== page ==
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NSA Admits Searching "3 Hops" From Suspects 322

Posted by timothy
from the extrapolation-nation dept.
New submitter cpitman writes "In a house hearing Wednesday the NSA admitted that it could query not only a suspect's records, but also perform up to a 'three hop query'. Considering that most people in the world are separated by under 6 degrees of separation, the NSA essentially claims that any single suspect gives them rights to investigate a large chunk of the world's population. With the terror watch list having over 700,000 names, just how many times has Kevin Bacon been investigated?"
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NSA Admits Searching "3 Hops" From Suspects

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  • by intermodal (534361) on Thursday July 18, 2013 @05:46PM (#44322181) Homepage Journal

    At this revelation, it doesn't take a libertarian to point out that this isn't based on probable cause.

    • by vux984 (928602) on Thursday July 18, 2013 @05:49PM (#44322199)

      Oh I dunno. If a terrorist suspects real-estate agents daughter's mechanic fixes your car don't you think the NSA should have that information?

    • At this revelation, it doesn't take a libertarian to point out that this isn't based on probable cause.

      Just as 'due process of law' is a process that you do that involves law in some capacity, which successfully enlegalizes all sorts of handy stuff, 'probable cause' is a cause that has an associated probability.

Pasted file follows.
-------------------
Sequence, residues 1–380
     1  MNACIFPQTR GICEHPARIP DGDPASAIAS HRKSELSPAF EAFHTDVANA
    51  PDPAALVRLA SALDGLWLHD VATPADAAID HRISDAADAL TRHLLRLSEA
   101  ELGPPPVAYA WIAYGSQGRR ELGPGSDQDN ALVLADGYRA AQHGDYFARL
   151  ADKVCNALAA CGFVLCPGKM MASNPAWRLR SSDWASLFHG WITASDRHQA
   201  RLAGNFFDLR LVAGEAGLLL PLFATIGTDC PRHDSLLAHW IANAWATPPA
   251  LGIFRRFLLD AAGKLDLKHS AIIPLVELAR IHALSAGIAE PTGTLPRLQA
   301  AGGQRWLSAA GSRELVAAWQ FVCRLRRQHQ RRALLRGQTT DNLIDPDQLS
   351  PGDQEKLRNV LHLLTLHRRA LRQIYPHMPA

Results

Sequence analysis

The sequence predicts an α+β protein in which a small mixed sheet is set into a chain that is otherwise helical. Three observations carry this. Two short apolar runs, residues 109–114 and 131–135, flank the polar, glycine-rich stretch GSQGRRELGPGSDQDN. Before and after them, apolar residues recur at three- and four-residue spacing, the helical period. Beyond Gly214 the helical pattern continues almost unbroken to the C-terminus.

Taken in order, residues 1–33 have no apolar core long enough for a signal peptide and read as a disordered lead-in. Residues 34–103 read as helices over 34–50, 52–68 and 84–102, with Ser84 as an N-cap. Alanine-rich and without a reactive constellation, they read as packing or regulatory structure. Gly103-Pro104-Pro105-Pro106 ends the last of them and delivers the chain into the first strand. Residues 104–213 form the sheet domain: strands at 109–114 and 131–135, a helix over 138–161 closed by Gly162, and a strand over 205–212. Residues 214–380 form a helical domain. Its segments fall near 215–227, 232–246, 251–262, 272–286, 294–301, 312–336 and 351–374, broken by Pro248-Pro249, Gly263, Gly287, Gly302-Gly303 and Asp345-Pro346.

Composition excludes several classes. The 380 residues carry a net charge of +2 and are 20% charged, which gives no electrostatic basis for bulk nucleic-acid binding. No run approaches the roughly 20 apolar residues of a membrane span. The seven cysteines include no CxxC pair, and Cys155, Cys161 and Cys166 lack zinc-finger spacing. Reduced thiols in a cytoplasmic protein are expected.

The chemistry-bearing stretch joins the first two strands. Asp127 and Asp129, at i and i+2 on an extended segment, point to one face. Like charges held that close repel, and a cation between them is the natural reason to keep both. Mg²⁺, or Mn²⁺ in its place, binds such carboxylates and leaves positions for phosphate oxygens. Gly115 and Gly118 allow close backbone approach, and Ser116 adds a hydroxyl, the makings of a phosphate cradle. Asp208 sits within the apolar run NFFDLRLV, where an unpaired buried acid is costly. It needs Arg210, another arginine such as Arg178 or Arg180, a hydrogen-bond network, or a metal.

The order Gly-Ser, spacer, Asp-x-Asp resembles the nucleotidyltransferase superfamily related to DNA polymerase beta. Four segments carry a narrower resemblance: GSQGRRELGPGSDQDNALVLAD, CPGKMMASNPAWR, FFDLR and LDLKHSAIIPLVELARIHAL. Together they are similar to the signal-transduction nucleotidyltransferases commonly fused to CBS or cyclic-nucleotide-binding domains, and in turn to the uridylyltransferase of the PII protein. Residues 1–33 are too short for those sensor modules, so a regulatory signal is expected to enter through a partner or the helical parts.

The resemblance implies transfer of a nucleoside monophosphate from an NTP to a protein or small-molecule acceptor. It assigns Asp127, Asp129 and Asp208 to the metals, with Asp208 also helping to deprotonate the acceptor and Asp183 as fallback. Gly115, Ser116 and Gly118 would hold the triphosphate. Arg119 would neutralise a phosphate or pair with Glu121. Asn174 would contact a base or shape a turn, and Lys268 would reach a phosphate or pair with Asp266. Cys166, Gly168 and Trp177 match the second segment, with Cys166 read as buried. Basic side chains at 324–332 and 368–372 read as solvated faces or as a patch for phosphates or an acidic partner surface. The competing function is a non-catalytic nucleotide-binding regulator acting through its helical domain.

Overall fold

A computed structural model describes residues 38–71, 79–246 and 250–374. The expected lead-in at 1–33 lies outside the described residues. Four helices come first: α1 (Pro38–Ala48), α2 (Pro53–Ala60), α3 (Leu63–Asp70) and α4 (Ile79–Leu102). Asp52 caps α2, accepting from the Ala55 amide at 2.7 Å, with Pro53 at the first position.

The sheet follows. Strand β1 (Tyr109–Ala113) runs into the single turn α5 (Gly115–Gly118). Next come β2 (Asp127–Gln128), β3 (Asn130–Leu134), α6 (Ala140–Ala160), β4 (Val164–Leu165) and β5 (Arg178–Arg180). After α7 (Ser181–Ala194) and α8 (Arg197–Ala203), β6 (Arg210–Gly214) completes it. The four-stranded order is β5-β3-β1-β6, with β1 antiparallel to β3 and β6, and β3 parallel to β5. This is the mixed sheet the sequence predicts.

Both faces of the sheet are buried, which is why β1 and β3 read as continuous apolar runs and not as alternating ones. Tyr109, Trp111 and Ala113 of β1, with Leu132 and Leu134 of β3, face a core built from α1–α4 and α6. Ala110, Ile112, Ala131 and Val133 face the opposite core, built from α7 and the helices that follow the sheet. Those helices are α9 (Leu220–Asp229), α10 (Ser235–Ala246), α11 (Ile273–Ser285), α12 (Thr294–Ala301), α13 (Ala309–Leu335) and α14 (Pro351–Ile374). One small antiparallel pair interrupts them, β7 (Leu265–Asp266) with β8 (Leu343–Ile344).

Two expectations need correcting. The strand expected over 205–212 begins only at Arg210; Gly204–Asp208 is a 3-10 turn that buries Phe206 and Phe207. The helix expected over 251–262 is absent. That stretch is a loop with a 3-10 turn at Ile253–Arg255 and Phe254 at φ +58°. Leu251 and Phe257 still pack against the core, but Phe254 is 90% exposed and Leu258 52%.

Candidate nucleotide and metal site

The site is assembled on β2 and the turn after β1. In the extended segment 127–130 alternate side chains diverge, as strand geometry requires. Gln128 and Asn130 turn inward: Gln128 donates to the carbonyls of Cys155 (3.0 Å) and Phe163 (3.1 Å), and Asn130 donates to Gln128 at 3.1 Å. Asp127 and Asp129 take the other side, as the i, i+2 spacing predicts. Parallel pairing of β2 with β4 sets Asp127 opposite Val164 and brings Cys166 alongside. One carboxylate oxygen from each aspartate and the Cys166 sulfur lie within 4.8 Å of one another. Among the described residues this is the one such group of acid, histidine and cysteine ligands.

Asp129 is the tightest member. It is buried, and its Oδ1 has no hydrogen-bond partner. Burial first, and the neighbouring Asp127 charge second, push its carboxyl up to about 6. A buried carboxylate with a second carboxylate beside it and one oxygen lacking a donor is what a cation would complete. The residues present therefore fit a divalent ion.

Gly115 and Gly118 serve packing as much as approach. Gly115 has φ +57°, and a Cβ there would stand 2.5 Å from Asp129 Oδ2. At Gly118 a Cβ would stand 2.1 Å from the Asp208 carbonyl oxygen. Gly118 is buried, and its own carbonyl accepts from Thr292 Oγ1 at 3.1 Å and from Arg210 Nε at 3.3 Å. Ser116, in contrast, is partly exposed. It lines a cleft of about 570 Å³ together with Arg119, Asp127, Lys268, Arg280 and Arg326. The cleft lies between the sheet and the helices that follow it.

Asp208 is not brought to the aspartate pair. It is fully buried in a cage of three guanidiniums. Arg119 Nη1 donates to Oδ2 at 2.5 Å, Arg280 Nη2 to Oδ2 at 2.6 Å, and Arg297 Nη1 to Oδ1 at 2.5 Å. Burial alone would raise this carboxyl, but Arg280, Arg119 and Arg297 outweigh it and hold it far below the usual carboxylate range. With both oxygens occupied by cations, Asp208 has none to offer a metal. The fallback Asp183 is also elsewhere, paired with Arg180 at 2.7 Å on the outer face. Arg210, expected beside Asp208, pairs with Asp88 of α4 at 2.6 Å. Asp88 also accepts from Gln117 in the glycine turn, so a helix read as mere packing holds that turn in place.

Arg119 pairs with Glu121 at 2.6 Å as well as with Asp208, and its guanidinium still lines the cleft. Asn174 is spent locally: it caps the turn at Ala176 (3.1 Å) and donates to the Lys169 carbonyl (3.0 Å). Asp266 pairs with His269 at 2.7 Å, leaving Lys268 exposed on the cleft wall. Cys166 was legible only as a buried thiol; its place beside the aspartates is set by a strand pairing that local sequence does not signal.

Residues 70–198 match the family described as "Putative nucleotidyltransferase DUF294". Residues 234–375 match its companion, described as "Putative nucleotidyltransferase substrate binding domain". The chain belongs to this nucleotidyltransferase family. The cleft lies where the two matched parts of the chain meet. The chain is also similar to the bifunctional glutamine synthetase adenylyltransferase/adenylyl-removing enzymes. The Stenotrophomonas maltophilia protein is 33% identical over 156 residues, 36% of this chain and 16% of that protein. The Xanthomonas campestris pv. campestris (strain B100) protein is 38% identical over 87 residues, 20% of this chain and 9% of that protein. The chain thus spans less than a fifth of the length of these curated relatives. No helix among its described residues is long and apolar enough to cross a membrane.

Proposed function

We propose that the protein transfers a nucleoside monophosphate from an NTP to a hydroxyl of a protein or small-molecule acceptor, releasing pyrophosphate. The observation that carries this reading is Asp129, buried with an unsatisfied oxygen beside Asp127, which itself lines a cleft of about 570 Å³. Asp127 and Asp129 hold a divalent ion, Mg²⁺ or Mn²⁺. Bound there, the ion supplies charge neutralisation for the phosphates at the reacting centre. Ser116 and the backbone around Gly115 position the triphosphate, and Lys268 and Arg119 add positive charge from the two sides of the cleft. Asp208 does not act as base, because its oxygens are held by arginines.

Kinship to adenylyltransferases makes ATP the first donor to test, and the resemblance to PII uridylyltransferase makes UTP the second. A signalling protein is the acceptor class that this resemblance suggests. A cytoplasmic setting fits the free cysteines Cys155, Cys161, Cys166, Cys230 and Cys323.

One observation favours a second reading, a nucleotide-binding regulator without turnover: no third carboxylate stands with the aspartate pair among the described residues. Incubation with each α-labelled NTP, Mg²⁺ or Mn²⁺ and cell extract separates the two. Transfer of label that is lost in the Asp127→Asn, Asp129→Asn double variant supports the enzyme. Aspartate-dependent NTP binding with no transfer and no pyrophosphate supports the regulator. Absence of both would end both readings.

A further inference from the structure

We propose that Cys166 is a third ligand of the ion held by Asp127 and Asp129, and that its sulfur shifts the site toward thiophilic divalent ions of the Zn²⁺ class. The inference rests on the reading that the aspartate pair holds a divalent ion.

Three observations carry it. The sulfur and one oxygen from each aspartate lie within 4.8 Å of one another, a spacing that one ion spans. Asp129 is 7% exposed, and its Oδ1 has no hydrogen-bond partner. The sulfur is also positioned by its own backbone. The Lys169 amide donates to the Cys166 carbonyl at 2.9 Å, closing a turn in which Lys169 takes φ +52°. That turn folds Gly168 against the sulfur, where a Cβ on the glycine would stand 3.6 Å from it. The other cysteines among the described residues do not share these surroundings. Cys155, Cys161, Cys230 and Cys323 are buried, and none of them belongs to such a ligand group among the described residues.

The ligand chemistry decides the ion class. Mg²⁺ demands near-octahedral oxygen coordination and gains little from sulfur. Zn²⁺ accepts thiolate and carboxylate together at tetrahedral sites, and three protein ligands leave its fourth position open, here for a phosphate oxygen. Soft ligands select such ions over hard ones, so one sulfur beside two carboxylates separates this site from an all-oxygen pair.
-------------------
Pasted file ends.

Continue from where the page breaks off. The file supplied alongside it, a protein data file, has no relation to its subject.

I think that it's abundantly clear, even provable with math, that all the NSA's activities have causes with probabilities associated.

    • Re: (Score:2, Insightful)

      by Anonymous Coward

      Court rulings have excluded pen register records from the 4th amendment. Pen register records were records of what numbers had been dialed from a phone line and to a phone line. This will be the administration's defense of these practices in the just-filed court cases.

      These cases could go either way, but I expect the court to be skeptical about the government's current practices of routinely collecting this data on millions of Americans.

      We need to protest loudly, as these programs are also a gigantic wast

      • by plover (150551)

        And if it produces 10,000 false positives to yield one valuable lead, how does that impact you? It's not like that turns into 10,000 knocks on 10,000 doors by 10,000 special agents. It gives them more trails to follow.

        Not trying to defend the program in any way, just pointing out that at a certain point in the process mistakes cost very little. It may be no more consequential than typing a million lines of code and needing to use the backspace key 10,000 times.

        • Have they specified what they do with the 10,000 misses though?

          You are assuming they say "Oh this info is just the guy's mechanic. We'll delete it."